As COVID-19 cases soar across the country, the federal government has lost control of the situation. Amid the Trump Administration’s happy talk and outright dismissal of the crisis, the U.S. is experiencing a forest fire of contagion and hospitalizations, and an upsurge in COVID-related deaths has already begun.

Other countries like Taiwan, South Korea, Germany, Australia and New Zealand have controlled their outbreaks, which is why their COVID-19 infections and deaths have been minimal or trending downward in recent months. To replicate those nations’ strategies of testing, contact tracing and quarantining, the U.S. Congress would have to appropriate about $43.5 billion, according to one estimate. But as we know, Senate Republicans won’t pass such a bill without Donald Trump’s prior approval—and that’s unlikely as long as his main focus is on reopening the economy.

We can hope that electoral victory by the Democrats in November will change this equation, but Joe Biden won’t take office until January if he wins. Meanwhile, the coronavirus is chewing up America. We can’t afford to wait six months to blunt the impact of this horrible disease. However, there is a solution that doesn’t depend on federal leadership: states can form compacts that would form the basis for collective action to get us out of the trap we’re in.

Interstate compacts are very common in the U.S. Various pacts cover everything from clean water and clean air to medical licensure, mental health and interstate transportation. For example, under the Middle-Atlantic Forest Fire Protection Compact, which includes Ohio, West Virginia, Virginia, Pennsylvania, New Jersey, Delaware, and Maryland, member states assist one another in fire prevention and suppression and firefighter training.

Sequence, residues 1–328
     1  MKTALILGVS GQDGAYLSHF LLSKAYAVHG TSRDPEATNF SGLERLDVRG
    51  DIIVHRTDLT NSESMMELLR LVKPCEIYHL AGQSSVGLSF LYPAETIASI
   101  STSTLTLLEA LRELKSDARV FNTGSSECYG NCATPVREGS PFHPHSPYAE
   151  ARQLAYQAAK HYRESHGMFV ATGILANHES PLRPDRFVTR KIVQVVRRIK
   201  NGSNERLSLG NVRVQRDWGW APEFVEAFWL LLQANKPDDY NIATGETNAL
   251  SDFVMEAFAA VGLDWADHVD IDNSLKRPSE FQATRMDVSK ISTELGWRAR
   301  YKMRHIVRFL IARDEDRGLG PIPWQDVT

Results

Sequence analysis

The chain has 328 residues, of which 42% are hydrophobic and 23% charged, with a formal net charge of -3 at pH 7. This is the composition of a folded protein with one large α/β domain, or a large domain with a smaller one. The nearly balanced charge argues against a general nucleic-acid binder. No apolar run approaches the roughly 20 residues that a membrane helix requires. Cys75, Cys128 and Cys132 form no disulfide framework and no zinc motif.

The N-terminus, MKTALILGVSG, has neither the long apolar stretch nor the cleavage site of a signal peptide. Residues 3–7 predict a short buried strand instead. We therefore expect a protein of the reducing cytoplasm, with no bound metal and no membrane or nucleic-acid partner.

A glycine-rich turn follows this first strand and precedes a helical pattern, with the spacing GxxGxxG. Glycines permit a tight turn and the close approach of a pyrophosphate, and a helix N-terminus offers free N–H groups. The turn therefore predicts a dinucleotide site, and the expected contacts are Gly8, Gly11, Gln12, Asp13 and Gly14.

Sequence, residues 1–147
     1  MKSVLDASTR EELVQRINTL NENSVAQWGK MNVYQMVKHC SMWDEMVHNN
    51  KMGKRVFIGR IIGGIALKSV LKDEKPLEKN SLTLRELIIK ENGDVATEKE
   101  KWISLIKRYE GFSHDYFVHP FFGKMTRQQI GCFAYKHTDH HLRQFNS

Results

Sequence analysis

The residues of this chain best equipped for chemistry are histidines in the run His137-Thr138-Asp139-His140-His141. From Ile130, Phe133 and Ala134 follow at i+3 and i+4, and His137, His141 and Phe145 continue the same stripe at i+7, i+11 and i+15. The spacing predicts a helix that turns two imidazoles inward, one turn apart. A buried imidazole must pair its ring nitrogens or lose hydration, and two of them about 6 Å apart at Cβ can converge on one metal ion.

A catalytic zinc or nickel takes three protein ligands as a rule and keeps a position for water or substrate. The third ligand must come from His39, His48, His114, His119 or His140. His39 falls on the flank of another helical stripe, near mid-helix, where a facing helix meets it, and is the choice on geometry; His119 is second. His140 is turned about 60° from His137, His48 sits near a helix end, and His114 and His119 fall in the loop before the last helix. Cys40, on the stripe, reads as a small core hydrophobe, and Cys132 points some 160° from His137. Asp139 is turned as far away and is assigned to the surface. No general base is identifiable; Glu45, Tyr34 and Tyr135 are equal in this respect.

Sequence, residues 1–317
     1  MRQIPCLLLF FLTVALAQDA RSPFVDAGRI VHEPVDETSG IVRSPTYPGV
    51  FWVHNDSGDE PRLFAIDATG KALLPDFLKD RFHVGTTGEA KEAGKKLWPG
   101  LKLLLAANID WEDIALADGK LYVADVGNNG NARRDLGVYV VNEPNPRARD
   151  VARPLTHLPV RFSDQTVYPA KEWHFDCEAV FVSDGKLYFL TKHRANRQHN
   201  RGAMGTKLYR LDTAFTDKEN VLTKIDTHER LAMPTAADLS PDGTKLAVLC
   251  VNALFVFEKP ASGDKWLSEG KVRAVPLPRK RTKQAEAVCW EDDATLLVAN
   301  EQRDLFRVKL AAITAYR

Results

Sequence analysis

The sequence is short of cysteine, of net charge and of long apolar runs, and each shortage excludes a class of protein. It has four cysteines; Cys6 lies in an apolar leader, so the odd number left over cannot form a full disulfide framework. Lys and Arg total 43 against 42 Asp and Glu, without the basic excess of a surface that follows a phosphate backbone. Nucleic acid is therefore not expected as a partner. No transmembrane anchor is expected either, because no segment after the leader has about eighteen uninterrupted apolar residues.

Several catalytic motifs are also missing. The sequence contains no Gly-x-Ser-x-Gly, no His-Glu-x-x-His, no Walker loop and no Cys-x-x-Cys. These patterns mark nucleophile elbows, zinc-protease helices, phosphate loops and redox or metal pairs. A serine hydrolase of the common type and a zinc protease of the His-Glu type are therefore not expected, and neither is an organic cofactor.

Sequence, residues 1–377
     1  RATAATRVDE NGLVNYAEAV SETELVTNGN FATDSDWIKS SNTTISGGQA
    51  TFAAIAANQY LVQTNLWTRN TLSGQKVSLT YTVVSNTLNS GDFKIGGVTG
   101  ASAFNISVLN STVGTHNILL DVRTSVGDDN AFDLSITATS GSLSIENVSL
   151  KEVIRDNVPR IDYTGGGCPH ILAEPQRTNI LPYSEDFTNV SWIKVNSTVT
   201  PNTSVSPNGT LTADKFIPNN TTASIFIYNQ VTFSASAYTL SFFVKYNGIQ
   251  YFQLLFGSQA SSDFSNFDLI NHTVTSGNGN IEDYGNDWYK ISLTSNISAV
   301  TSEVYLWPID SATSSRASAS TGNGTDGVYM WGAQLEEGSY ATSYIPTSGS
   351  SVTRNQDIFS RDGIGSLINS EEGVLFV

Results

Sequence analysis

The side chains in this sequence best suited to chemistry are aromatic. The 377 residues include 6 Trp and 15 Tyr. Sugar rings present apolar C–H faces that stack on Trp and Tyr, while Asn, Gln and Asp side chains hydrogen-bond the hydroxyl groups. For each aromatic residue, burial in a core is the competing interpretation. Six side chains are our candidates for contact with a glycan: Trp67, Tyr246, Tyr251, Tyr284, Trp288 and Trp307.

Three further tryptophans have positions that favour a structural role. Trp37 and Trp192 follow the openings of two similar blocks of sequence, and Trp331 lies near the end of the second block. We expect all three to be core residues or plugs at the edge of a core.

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Repurposing a Universally Installed EHR App Into an Effective COVID-19 Early Detection System

By SCOTT WEINGARTEN, MD

COVID-19 exposed our country’s lack of centralized coordination when it comes to managing and preventing disease spread. Today, our public health system relies on flawed data and obsolete technology that fails to accurately track current and suspected cases, risk stratify patients, monitor disease progression or predict future spread. Not only do these blind spots create opportunities for the disease to spread, they also undermine the ability to safely plan for economic recovery.

What may surprise some, though, is the fact that we don’t have to start from scratch in order to build an effective system that stems the spread of COVID-19. In large part, the infrastructure we need is already here.

In 2009, Congress passed the HITECH Act, which allocated roughly $30 billion for providers to purchase electronic health records (EHRs). As a result of this stimulus, EHRs went from relative obscurity to ubiquity, and today about 96 percent of all providers are users of EHRs. Five years later, Congress passed the Protecting Access to Medicare Act (PAMA), which requires healthcare providers to consult with an approved Clinical Decision Support Mechanism (CDSM) in order to receive reimbursement for advanced imaging procedures for Medicare beneficiaries. 

The net result of these two laws is that there is now visibility into nearly every patient-provider interaction in the United States at the moment that care is delivered, through more than a dozen CDSMs that have been certified by CMS. Although PAMA was intended for use with imaging, it’s not difficult to add on and repurpose decision support apps to conduct symptom surveillance for COVID, enabling healthcare workers to spot cases more reliably and earlier in the disease progression for prompt action.